It’s really clouded over now, so I think I was lucky to see Mt Taranaki this morning. There were no clouds around it, just around the older extinct volcanoes.
One thing that I learnt at Puke Ariki, (that I had already seen on YouTube), is that Mt Taranaki is the latest in a range of volcanic eruptions (the Sugarloaf islands and Paritutu Rock are the remains of very early volcanic cones). The vent would erupt, form a mountain, and then collapse before, millennia later, the next eruption would occur. What I want to know is: how long did the collapses take – instantaneous, or over centuries? Also, why is everyone worried about Mt Taranaki erupting again (it’s overdue) and not collapsing? I must email Geonet and ask.
I’m sitting here in the window of the café in the New Plymouth airport at 12.25pm, and I think I’ve written everything I planned to. See you this evening…
… Right, so we’re now at Auckland Airport. It was a good flight, left about ten minutes late, but that’s nothing. The take off was point the nose at the sky and let rip, but the landing was smooth.
We spent part of the time in New Plymouth Airport talking to the lady we’d shared the shuttle with. She’s off to Oz to spend a month with her friend.
Opposite us in the airport and the aeroplane was a mother with her baby. We now know how they restrain babies. They have their own safety harness, with the same buckle arrangement as everyone else, but which has an attached loop that goes through mum’s safety harness. It was a very well behaved baby, as mum had sense to breast feed it throughout the flight – keeping it occupied and sucking to prevent pressure build up. It was probably a little unnerving for the man, a stranger, next to her, but better than a bawling baby in your ear.
We were the last ones off the aeroplane, which mean I was able to snap some quick photos of the craft – once I was off the tarmac.
Our bags were almost the first onto the conveyor belt, so I left D.C. minding our luggage and went and grabbed them both. Then we found another place to sit, somewhere a little less hectic, and sat and read (and wrote) for half an hour…
… In Denny’s in Auckland, waiting for something to eat before we head over the road to catch the bus at 6.00pm. This isn’t as flash as some of the places we’ve been eating, but it’s edible… Except that we just find something that we like, and they discontinue it.
… It was a good trip home. I listened to RNZ’s Kakapo Diaries podcasts about this year’s bumper breeding season of New Zealand’s “Owl Parrot”. I’m learning a lot of interesting stuff about Kakapo sex. As there were only 147 adults at the beginning of the season, clearly they weren’t getting enough. Now there are over 200 adults and I hope that number continues to grow.
We walked home from the bus stop at the i-SITE, and entered the house. The first thing I had to do was turn off the security alarm.
Do you think I could do this? I entered the code over and over again. I used the alarm key to turn it off over and over again. And it would not turn off. So we ended up that I kept the alarm key with me and wandered through the house, waving at all the sensors, until the alarm finally went off and I turned it off.
Highly effective, isn’t it?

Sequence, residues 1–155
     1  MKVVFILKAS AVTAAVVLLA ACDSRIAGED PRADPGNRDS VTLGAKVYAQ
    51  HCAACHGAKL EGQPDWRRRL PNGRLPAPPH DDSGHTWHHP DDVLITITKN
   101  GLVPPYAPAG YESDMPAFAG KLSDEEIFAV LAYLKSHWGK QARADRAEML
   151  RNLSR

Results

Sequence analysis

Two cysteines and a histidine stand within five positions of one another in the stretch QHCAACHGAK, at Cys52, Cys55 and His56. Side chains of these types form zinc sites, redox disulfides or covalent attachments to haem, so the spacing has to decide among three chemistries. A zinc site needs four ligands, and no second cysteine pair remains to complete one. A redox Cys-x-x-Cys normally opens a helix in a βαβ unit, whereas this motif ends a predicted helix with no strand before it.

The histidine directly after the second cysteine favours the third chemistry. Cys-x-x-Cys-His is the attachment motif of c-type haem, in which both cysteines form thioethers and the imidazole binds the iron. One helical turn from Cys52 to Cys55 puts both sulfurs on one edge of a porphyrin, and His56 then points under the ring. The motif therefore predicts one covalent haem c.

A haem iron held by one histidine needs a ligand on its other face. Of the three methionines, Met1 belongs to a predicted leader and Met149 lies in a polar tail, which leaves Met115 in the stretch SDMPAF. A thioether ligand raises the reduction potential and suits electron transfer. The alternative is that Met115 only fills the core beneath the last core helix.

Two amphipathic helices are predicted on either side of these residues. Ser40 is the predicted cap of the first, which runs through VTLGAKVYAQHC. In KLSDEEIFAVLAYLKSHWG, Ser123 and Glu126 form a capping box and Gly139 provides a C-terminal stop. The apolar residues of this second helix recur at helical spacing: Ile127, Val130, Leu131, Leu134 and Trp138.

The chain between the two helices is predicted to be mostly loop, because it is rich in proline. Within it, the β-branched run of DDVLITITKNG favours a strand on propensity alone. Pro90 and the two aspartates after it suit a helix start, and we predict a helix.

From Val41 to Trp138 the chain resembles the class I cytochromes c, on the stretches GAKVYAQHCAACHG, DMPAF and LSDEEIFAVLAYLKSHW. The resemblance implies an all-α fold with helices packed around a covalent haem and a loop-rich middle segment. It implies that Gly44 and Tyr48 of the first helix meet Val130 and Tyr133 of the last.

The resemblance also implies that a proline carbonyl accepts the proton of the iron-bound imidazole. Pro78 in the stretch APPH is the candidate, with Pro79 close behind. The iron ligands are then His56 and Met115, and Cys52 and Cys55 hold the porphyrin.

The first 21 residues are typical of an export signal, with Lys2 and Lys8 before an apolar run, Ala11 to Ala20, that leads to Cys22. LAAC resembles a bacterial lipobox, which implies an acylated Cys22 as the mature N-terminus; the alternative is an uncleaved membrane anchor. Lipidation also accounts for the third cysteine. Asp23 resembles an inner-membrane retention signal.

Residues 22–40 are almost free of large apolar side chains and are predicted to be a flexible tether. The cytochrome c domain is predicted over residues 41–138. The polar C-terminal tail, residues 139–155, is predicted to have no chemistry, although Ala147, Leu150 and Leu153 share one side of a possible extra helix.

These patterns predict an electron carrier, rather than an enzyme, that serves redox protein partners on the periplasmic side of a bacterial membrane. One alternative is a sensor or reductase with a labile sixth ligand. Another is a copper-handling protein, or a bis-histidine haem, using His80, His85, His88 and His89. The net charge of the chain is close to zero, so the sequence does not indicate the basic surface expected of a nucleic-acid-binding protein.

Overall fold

It was while we were doing this wander that we realised that the door from the room that’s the entrance to the house through to the next was wide open. I had made a point of shutting it before we left last Saturday. Also my bedroom door was wide open – more open than I would open it if I were in there. And, last week, I’d also made a point of wandering through the house to ensure that every door was tightly closed.
We’ve often thought that we had a ghost, but “Humphry” tends to take red objects, not leave doors open.
Our house is old and wooden, so we always, not only close all doors as fire/smoke breaks, but unplug all electrical appliances and ensure that everything is turned off – including the powered fibre telephone/Internet connection.
Concerned about the doors, I plugged the phone back in and rang our neighbours. The security company had just been ringing them because they couldn’t get us. (Because the phone was unplugged.) They’d also been called by the security company last Sunday evening at 11pm. Right before the VOLUNTEER fire brigade was called out. Our neighbours, being rightly unwilling to wander through our house when there could be a fire or something else, let the fire brigade use our keys to check that all was well. (Unfortunately, they left the two doors open.)
So I’ve spent the evening writing an angry email to Chubb demanding that they attempt to fix this system AGAIN (they’ve been back several times); and that if they can’t, they do something that won’t cost us money. I should have been free to upload photographs instead.
And no, it wasn’t insect activity that had set off the smoke alarm. I’d dusted the entire area around the problematic sensor an hour before we left on the Saturday. Then I sprayed the duster with fly spray and dusted again. Then I carried a daddy-longlegs spider outside. There was no way that insect/spider activity should set the alarm off 36 hours after that.
Anyway, as a last point of interested. Today I travelled hundreds of kilometres… and only walked 7344 steps – most of those up a hill to see a mountain.
See you next time. Whenever that is.
When I upload the rest of the photos, I guess.